How Do Electric Car Batteries Work?

Have you ever asked yourself the question, “How the heck can electric cars run for hundreds of miles with just a pair of batteries?” Needless to say, the curiosity is quite common among car owners. Everybody experienced a dead battery at least once in their lifetime, no?

If you’ve ever left the car lights on for a couple of hours you know that the battery can become extremely weak or die in a short period of time if the car is not running! So how can you possibly have those same batteries power the entire 2000 lb car for hundreds of miles?

To answer this question I’m going to point out some important differences between traditional gasoline powered cars and the new electric cars that you’ve heard so much about. The difference lies entirely in the batteries of those cars.

When it comes to mass producing a product such as a battery for a car the manufacturer has to consider the cost of producing. It’s a crucial factor which is always taken into account, which is why most manufacturers use limited technology to produce the battery that runs your gasoline car. The fact of the matter is, a gasoline car only requires a battery to start the car. As soon as your engine starts running the alternator kicks in and your battery actually starts regaining its charge instead of losing it.

An electric car doesn’t have an alternator that recharges the battery thus having to rely entirely on the batteries as the energy source. For this reason, the batteries found in electric cars use top-notch modern technology that’s not used in traditional car batteries. For example, traditional car batteries have its electrolytes in a liquid form while electric car batteries have it in gel form. Because it’s in gel form, manufacturers can produce the batteries in any orientation they want. This helps produce the maximum number of cells in limited space. Once you pack those highly condensed batteries into an electric car it allows the car to produce better mileage in a single charge.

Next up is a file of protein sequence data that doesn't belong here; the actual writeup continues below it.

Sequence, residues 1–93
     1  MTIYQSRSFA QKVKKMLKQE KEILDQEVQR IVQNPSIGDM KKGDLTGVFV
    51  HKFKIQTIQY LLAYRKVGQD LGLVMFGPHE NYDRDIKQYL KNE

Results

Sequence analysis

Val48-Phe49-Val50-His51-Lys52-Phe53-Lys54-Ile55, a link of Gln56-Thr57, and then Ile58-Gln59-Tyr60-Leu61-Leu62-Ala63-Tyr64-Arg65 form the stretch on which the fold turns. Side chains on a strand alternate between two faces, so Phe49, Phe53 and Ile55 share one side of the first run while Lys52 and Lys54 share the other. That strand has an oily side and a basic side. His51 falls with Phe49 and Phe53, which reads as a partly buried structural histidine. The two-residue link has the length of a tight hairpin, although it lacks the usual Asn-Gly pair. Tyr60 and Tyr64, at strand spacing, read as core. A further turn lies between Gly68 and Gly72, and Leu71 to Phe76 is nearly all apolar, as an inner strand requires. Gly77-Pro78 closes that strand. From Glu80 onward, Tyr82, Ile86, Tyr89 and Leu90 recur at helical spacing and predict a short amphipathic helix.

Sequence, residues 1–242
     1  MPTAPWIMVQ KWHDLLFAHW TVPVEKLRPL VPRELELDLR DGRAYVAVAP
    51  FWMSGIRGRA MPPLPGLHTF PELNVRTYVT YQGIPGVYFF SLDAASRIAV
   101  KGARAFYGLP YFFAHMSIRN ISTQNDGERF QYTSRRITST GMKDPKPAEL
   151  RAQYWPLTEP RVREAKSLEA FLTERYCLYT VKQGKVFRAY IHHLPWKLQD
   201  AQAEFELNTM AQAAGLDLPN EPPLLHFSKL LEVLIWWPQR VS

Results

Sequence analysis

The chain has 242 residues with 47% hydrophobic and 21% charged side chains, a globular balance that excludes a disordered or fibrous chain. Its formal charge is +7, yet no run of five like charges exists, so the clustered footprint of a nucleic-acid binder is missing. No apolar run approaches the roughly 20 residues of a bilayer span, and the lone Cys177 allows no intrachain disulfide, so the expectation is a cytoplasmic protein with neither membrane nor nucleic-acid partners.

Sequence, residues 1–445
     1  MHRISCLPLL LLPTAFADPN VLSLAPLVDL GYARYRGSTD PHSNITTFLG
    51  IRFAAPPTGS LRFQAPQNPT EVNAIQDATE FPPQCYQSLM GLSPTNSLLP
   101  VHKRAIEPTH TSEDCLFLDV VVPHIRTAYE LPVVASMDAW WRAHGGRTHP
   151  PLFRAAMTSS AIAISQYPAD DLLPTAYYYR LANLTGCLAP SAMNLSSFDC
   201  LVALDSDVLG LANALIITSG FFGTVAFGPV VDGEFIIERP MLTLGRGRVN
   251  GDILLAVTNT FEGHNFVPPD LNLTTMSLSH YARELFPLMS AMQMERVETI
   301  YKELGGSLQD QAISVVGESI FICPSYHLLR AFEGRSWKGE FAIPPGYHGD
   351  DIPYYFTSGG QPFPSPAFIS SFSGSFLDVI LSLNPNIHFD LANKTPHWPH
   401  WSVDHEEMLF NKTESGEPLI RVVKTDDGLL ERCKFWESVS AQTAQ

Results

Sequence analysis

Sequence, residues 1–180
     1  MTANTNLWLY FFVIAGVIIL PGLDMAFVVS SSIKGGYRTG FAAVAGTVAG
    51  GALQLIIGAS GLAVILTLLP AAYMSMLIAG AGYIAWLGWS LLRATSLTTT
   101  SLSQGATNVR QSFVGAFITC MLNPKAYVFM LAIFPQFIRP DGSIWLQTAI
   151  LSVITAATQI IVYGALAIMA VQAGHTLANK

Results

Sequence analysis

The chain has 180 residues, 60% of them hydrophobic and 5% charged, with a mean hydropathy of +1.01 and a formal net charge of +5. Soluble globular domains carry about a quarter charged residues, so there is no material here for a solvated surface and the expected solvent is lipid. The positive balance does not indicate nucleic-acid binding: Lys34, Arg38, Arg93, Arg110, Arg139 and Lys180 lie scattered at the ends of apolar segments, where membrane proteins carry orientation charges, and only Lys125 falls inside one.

Electric cars have two types of batteries: the VRAL, and GEL. The GEL batteries use VRAL technology but it’s very advanced and doesn’t require much maintenance. With advanced sealing technology it’s nearly impossible to spill GEL. However, the only downside to GEL batteries is the constant requirement to discharge and recharge it. For regular commuters this isn’t a big problem. However, irregular drivers will find it difficult to always discharge and recharge the battery, thus wearing it out much more quickly.

The industry is making advancements towards the usage of Lithium-Ion batteries. The Li-Ion batteries have been around for decades; however, we couldn’t put its high effectiveness to use in cars: until now, that is. New technology finally allows us to research, experiment, and produce highly efficient Lithium-Ion batteries that are small in size but pack a much stronger punch. These batteries don’t contain any liquid thus allowing users to drive their cars for a much longer time than liquid or GEL batteries.

Auto Novice

Auto Novices is a blog, that was set up in November 2011, which tries to help inform new & old automobile owners about various subjects from keeping their car in good working order right through to tips on buying a new & used motorbikes. GUEST POSTS: If you would like to produce a guest post for this blog then please contact us via the link in the navigation menu at the top of the page.